A young woman's imprisonment in 1896 Havana becomes headline fodder for two American newspaper giants fueling U.S. involvement in Cuba's rebellion against brutal Spanish rule. But the story behind the headlines, as told by Chanel Cleeton in her new novel, The Most Beautiful Girl in Cuba, is an inspirational tale of courage, love, and losses for three unforgettable women.
Cleeton selects her main characters deftly: The real-life Cuban revolutionary Evangelina Cisneros is the book's title character, joined by two fictional women, Grace Harrington, a newspaper reporter inspired by Nelly Bly, and Marina, the wife of a farmer's son ostracized by her wealthy family.
Harrington arrives in New York City in 1896, determined to follow in the footsteps of Nelly Bly by becoming a respected female reporter at one of the city's major newspapers. This ambition puts her in the middle of the circulation wars between William Randolph Hearst (New York Journal) and Joseph Pulitzer (New York World). The term "yellow journalism" — describing sensationalized and sometimes false coverage — was invented to describe Hearst and Pulitzer, but they also encouraged some solid news reporting. That's what Grace strives to accomplish, too. And while her lofty goals get complicated, Grace does eventually end up at Hearst's Journal.
Meanwhile, 18-year-old Cuban Evangelina Cisneros, who had joined her exiled rebel father in the Isle of Pines, is attacked by a Spanish colonel. But she ends up being arrested herself and sent to Havana's horrific jail for women, Casa de Recogidas. Here, her survival is tenuous, but she is strong-willed and stubbornly refuses to retract her accusation, even if it might mean her release.
And Marina is the daughter of the wealthy Perez family, married to Mateo, a farmer's son. As the conflict with Spain escalates, she is separated from her husband and eventually forced to leave their farm. Transported to Havana with her daughter and mother-in-law, she must fend for herself with little money, poor living conditions, and no way of knowing if her beloved husband is dead or alive.
History is complicated. War, politics, pain and suffering, and imprisonment — the possibility that a publishing tycoon would exploit all these factors to sell papers may seem unfathomable (or too familiar). But Cleeton breaks down the complexities of this era into a cohesive, compelling story that delivers some jaw-dropping historical facts.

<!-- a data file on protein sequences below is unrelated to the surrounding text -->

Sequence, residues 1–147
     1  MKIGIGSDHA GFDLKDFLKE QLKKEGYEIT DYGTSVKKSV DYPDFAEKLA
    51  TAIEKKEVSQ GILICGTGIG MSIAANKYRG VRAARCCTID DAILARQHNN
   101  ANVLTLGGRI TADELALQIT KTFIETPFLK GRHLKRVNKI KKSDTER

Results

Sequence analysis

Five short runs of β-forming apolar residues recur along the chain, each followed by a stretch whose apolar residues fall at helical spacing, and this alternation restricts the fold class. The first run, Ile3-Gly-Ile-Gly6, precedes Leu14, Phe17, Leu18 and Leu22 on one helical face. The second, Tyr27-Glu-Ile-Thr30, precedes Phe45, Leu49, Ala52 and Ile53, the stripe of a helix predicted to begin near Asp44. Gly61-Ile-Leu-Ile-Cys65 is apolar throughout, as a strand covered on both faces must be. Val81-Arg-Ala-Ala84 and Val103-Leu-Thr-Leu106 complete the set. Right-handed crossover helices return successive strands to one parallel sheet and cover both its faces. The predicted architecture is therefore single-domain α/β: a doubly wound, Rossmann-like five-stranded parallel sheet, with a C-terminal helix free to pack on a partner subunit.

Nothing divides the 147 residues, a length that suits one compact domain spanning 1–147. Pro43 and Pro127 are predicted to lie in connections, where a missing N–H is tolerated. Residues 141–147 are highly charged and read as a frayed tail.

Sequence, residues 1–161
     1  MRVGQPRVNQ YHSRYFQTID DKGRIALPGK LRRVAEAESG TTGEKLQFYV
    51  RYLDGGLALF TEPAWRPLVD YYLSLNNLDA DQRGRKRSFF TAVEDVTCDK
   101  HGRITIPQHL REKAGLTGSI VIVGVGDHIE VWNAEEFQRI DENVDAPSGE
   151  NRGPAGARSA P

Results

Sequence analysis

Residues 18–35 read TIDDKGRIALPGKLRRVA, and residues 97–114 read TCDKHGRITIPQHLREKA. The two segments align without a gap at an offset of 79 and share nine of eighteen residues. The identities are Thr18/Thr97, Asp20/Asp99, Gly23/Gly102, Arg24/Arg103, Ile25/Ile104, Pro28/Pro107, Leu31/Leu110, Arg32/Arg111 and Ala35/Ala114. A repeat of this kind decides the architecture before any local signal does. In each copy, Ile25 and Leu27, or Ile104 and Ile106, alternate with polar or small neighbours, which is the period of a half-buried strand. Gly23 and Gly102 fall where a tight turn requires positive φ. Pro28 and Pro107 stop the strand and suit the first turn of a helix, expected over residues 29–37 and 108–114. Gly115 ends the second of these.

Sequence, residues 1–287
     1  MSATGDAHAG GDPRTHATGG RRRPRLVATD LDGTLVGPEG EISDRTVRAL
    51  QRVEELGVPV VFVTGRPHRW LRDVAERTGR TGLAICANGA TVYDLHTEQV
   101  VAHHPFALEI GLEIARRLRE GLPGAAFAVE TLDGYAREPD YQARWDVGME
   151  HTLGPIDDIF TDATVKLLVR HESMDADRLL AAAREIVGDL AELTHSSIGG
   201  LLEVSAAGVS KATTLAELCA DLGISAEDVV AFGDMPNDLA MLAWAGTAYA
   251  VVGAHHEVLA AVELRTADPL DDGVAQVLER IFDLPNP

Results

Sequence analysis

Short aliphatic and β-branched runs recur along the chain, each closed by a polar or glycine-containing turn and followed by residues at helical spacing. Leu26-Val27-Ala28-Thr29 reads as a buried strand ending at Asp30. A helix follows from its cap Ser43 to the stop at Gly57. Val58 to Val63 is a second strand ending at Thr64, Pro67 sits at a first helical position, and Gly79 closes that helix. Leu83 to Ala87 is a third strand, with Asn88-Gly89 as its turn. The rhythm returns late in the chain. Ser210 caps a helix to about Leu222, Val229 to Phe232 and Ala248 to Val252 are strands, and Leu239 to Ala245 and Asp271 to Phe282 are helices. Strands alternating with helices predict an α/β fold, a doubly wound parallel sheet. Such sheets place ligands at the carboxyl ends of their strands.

I credit this to how Cleeton weaves together Grace's stark reporter's tale against the backdrop of Gilded Age New York City with Evangelina's transformation from the beautiful girl in the headlines to a woman dedicated to her country's freedom, and Marina's resourcefulness and sacrifices.
When their stories come together — which they do in surprising and memorable ways — Cleeton's design doesn't sacrifice the mystery or the tension. Although history is set, we can't help but hope for a happy ending for our three heroines and for Cuba, and even the newspaper tycoons (to a degree).
The book also includes romance, but I won't give away who meets whom and what may or may not happen between them. But love is a critical theme here, and not only for a husband, child, parent, or possible future mate. In addition to the history, Cleeton's story includes finding love, losing love, and keeping love in your heart despite the uncertainty of the life and death surrounding you. So, perhaps that means The Most Beautiful Girl in Cuba is also a story of how to keep despair at bay.
There are heroes, villains, greed, and men and women walking away to danger or away from love in this novel, but history reigns. You will learn about Cuba, Spain, and New York City — and the Spanish American War. But mainly, you will discover that the story of Evangelina Cisneros is much more than a tale of a Cuban revolutionary, crowned a celebrity by the American press.
The Most Beautiful Girl in Cuba is an exciting and inspiring read that shows us how womanhood, courage and revolution are three words that often mean the same thing.
Denny S. Bryce is the author of the historical novel Wild Women and the Blues.